Thirty people volunteered to participate in Dillingham’s bird count on Saturday. Last year, 18 participated. The volunteers this year spotted 19 species, including the possible sighting of a species new to Dillingham’s Christmas count.
Mercury builds up in older, predatory fish that live in some lakes in Katmai National Park and Preserve and Lake Clark National Park and Preserve. Continuing research suggests mercury in these ecosystems has both natural and anthropogenic sources.
Neil Barten breifed the Nushagak Fish and Game Advisory Committee about recent predation on caribou calves, and how the state is moving to expand the intensive wolf control area to 10,000 sq. miles, covering most of Unit 17B.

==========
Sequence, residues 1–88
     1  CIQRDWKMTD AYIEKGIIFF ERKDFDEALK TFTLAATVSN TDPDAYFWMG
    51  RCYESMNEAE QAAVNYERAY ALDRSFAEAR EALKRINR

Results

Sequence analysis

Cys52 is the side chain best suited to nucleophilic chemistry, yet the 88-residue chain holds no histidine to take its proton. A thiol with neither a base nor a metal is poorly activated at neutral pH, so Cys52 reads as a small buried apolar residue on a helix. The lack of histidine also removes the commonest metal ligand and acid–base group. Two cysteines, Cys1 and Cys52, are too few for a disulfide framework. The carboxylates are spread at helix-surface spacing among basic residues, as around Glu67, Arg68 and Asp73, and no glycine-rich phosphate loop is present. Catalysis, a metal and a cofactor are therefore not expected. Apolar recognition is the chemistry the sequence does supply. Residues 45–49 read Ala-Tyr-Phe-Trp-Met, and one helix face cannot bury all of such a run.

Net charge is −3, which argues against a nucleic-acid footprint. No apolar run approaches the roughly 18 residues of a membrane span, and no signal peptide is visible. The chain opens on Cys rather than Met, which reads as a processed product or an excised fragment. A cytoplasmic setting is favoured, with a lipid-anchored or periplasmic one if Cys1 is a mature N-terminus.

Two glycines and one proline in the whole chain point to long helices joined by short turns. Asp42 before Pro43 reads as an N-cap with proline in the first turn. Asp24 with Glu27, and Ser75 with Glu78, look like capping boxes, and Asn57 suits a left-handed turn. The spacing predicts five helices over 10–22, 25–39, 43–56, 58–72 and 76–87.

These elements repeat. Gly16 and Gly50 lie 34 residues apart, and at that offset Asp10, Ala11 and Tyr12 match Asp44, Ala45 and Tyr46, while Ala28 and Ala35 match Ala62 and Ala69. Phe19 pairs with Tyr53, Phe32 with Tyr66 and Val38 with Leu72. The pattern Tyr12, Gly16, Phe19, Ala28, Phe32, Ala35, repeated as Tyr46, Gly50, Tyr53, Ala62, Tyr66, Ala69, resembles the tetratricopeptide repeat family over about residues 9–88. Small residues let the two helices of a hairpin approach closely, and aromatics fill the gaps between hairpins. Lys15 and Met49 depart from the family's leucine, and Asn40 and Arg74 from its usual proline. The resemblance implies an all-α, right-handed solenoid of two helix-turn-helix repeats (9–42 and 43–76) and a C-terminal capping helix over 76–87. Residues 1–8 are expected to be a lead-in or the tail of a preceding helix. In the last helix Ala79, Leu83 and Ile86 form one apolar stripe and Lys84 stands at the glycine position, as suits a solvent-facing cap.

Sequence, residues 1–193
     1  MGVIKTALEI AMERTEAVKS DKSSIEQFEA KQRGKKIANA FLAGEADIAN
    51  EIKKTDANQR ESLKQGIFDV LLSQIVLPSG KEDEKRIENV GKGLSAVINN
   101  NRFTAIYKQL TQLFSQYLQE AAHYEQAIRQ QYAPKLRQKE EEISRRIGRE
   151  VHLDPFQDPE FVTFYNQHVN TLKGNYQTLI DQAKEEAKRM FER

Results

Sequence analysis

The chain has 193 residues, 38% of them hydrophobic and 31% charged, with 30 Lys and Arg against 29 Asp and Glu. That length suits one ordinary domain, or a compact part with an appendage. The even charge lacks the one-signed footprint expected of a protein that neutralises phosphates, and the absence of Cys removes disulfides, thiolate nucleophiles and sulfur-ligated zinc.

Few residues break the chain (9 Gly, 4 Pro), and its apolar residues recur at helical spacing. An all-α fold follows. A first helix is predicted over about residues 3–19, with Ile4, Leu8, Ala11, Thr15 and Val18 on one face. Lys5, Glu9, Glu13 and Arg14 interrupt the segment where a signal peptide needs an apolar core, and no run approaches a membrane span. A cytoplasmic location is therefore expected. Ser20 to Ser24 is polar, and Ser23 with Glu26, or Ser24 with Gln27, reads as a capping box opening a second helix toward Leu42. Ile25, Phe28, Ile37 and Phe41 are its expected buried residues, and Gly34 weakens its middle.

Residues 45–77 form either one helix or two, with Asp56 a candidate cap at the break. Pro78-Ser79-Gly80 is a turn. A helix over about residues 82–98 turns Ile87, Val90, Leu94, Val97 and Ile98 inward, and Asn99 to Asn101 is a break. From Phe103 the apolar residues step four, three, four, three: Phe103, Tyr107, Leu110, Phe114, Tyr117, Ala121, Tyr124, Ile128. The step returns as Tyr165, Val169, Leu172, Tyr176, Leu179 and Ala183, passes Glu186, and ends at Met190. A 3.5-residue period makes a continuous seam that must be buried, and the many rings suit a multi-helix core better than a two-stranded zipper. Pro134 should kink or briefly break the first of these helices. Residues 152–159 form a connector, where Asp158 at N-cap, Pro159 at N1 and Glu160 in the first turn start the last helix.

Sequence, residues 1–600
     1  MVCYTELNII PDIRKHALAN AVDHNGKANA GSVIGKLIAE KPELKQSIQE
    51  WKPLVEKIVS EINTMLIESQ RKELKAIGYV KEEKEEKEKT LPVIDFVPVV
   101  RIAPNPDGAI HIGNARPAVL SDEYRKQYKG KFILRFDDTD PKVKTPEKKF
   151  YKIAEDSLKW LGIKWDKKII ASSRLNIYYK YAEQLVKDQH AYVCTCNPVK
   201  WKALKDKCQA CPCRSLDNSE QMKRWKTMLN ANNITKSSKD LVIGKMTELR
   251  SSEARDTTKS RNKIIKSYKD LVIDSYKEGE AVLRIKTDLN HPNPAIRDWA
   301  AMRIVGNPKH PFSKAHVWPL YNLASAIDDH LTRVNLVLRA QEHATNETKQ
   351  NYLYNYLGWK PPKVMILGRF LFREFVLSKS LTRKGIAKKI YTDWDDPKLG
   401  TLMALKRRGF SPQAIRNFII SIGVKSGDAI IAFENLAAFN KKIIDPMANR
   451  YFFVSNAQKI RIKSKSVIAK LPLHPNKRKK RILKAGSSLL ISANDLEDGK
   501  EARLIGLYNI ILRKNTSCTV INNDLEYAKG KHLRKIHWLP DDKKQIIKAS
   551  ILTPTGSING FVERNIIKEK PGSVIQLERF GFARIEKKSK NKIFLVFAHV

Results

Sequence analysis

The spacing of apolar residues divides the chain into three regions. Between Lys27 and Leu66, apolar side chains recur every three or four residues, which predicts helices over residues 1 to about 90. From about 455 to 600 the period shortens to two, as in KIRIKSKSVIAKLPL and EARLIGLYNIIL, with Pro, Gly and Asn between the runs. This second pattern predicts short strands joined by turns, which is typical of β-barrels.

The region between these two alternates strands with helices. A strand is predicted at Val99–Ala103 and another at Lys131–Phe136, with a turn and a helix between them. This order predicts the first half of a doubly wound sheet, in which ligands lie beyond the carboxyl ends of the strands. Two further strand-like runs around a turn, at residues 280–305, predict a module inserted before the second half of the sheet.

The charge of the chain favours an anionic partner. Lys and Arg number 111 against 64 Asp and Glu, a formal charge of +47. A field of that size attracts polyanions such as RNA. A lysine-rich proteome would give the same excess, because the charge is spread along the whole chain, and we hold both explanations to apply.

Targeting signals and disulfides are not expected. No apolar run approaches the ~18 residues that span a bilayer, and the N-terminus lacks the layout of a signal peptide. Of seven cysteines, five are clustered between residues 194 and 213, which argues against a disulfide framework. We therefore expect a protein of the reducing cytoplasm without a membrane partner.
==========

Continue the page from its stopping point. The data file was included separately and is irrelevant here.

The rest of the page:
It looks increasingly likely that the Pacific Ocean cooling trend known as La Niña will continue at least through the coming winter. That’s according to the latest analysis from the Climate Prediction Center, which now says it’s up to 75 percent confident that a weak La Niña in place will persist perhaps through April.
Proposal 148 would allow hunters to position the animals (plus wolves and wolverines), rather than position the hunter, which most admit is currently common practice. But biologists say chasing vulnerable Nushagak Peninsula caribou in the spring could be dangerous to the health of the herd.
With a new population estimate for 17A moose showing numbers higher than the managed range, advisory committees and state, federal biologists support request for an extra week at the end of the fall hunt.